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Mr. Brown: I am grateful to the First Minister for his questions. We discussed some of those matters when we met last week, and I was delighted to visit Northern Ireland a few weeks ago when we launched the economic initiative. I applaud the right hon. Gentleman and his Ministers for all their efforts to achieve economic growth and modernisation in Northern Ireland. The settlement is

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based on the Barnett formula, and he knows that it is worked out carefully to fulfil the needs of Northern Ireland, Scotland and Wales. There is extra funding for the European peace initiative in Northern Ireland. I shall raise the right hon. Gentleman's questions about the Northern Ireland Office with the Secretary of State for Northern Ireland, and we shall be in touch with him.

Mr. Mike Hall (Weaver Vale): My right hon. Friend's statement will be enthusiastically welcomed in my constituency, which is the home of Daresbury laboratory, a world-leading scientific research facility. Will he consider the centre for accelerated science imaging project as soon as possible? Daresbury laboratory is designed to secure its future. Will he give it his backing?

Mr. Brown: My hon. Friend always makes a persuasive case for his constituency. He knows that such decisions are not for the Treasury but for others. However, my hon. Friend rightly said that the science budget had been increased. It will greatly help the north-west region that he represents so well, and other regions of the country. The 10 per cent. increase in the science budget and the extra £1¼ billion by 2005–06 in partnership with Wellcome Trust, which is contributing an extra £250 million, means that we can start to build for the next generation in science. What I have seen in the north-west offers great hope for the future. Science in the region will expand as a result of the measures.

Mr. Geoffrey Clifton-Brown (Cotswold): The Chancellor plagiarised a phrase that I used at Prime Minister's questions three weeks ago when he said that the mark of a civilised society was the way in which we treat our elderly. Why has he sanctioned a mechanism whereby taxation can be transferred from the south to the north? Why should an elderly person in Cheltenham have his funds transferred to someone in Cleveland? Why should parents in Gloucester have their funds transferred to a school in Gateshead? Surely everyone who pays taxes deserves equal treatment. Will the Chancellor ensure such equal treatment?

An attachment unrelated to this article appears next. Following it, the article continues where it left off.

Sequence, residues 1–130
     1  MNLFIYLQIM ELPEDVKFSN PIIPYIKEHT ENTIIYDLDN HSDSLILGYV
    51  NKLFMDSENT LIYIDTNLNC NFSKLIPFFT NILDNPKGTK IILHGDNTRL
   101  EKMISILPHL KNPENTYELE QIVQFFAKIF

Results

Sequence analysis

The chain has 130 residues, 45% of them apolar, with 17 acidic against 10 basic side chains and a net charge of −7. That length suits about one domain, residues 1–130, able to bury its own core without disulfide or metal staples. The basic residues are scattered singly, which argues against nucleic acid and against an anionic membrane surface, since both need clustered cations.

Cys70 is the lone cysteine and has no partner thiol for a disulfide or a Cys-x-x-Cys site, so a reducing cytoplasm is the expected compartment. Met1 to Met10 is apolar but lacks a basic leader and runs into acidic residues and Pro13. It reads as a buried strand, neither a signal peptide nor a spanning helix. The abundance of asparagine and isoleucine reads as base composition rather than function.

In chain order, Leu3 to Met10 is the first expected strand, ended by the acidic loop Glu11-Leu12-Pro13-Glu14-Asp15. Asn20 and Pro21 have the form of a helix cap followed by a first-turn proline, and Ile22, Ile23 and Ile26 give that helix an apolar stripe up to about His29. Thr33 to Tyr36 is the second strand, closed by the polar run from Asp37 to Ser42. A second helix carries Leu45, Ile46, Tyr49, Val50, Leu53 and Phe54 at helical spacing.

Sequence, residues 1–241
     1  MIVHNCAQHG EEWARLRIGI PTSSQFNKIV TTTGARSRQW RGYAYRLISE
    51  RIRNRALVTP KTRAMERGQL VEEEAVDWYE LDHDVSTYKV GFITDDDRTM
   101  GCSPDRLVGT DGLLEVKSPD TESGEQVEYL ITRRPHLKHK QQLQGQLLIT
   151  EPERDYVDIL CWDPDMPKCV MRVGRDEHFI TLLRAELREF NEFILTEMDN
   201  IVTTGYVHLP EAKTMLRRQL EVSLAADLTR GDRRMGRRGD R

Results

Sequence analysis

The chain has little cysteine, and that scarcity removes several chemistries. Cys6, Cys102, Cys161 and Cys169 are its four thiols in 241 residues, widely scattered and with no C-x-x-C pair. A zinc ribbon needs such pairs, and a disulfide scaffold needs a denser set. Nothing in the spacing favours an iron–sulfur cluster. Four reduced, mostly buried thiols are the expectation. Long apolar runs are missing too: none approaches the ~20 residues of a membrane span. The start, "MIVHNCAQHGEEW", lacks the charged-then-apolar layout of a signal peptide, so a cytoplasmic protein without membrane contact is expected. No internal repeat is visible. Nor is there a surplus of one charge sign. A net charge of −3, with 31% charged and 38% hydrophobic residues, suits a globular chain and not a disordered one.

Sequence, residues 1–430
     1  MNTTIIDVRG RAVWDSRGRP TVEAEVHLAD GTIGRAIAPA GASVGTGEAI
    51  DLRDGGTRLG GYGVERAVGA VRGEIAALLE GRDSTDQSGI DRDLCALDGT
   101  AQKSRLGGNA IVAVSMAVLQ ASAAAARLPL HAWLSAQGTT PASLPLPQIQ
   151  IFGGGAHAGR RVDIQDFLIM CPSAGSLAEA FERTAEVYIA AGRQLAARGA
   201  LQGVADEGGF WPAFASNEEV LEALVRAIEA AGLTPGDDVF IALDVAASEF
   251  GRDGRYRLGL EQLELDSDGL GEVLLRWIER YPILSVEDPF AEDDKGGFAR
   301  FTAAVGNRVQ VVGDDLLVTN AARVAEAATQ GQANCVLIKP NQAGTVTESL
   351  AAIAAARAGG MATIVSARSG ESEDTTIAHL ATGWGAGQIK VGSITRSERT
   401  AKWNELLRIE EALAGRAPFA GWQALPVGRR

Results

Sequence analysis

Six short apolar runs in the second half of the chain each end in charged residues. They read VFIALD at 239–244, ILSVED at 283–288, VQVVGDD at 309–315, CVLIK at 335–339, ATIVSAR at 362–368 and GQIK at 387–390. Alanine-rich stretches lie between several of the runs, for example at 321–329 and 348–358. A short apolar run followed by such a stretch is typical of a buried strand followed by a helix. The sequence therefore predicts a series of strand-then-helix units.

Mr. Brown: We are one United Kingdom, and I should have thought that the hon. Gentleman would welcome what we are doing for the elderly. We are raising the basic pension, and the winter allowance—which the Conservatives opposed—free television licences for the over-75s, and the new pension credit are among the other measures that we have taken to help today's pensioners. The hon. Gentleman should be in favour of what we are doing, and, so far as community care is concerned—I suspect that that is part of the issue that he is raising—the 6 per cent. increase in real terms of the social services budget in this three years' budgeting is far more than any Conservative Government ever did.

Caroline Flint (Don Valley): I certainly welcome the reforms of the national child care strategy proposed in my right hon. Friend's statement, and I hope to explore that matter further in my Adjournment debate on Wednesday. On the education maintenance allowance, which Doncaster has piloted, does he recognise and accept that this is not just about investment in 16 to 19-year-olds? By providing the allowance, we can help those who are socially excluded from university education to gain the

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qualifications necessary to apply. Will my right hon. Friend ensure that we not only monitor take-up at 16 but examine whether there is an effect on the numbers who then apply to university after staying on at school after 16?

Mr. Brown: I am grateful to my hon. Friend and I wish her well in her debate on child care. I hope that the figures we have announced for the additional investment in child care will be matched by the creation of child care businesses, and by more local authorities and other organisations getting involved in the business of providing child care. I also hope that the money available will be quickly converted into the child care places and the carers that we need.

Education maintenance allowances are an innovation that has worked in the third of the country in which they have been piloted. The staying-on rate at school has increased from 5 per cent. to 8 per cent. This has been proven to be a worthwhile experiment, and any barrier to staying on at school that can be removed is worth removing. What my hon. Friend says about further and higher education and the applicability of this measure is obviously something that she will persuade Education Ministers to look at.